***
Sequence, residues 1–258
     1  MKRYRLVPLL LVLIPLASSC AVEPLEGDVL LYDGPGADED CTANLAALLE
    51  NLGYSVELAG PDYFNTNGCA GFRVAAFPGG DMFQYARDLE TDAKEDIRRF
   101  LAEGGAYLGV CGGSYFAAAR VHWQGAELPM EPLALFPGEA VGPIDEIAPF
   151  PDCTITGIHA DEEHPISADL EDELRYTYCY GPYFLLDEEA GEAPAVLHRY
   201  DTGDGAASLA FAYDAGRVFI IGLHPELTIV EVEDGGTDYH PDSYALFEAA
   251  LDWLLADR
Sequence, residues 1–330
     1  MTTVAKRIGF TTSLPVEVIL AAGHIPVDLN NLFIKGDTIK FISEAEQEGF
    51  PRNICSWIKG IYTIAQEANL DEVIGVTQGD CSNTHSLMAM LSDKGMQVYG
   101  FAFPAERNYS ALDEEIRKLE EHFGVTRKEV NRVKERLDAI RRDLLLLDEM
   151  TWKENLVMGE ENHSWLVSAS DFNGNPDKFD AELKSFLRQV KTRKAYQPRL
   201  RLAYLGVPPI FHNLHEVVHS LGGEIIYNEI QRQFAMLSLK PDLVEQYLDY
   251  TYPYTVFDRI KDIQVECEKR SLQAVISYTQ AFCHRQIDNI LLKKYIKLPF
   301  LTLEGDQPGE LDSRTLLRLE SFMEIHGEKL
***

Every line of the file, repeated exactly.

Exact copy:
Sequence, residues 1–258
     1  MKRYRLVPLL LVLIPLASSC AVEPLEGDVL LYDGPGADED CTANLAALLE
    51  NLGYSVELAG PDYFNTNGCA GFRVAAFPGG DMFQYARDLE TDAKEDIRRF
   101  LAEGGAYLGV CGGSYFAAAR VHWQGAELPM EPLALFPGEA VGPIDEIAPF
   151  PDCTITGIHA DEEHPISADL EDELRYTYCY GPYFLLDEEA GEAPAVLHRY
   201  DTGDGAASLA FAYDAGRVFI IGLHPELTIV EVEDGGTDYH PDSYALFEAA
   251  LDWLLADR
Sequence, residues 1–330
     1  MTTVAKRIGF TTSLPVEVIL AAGHIPVDLN NLFIKGDTIK FISEAEQEGF
    51  PRNICSWIKG IYTIAQEANL DEVIGVTQGD CSNTHSLMAM LSDKGMQVYG
   101  FAFPAERNYS ALDEEIRKLE EHFGVTRKEV NRVKERLDAI RRDLLLLDEM
   151  TWKENLVMGE ENHSWLVSAS DFNGNPDKFD AELKSFLRQV KTRKAYQPRL
   201  RLAYLGVPPI FHNLHEVVHS LGGEIIYNEI QRQFAMLSLK PDLVEQYLDY
   251  TYPYTVFDRI KDIQVECEKR SLQAVISYTQ AFCHRQIDNI LLKKYIKLPF
   301  LTLEGDQPGE LDSRTLLRLE SFMEIHGEKL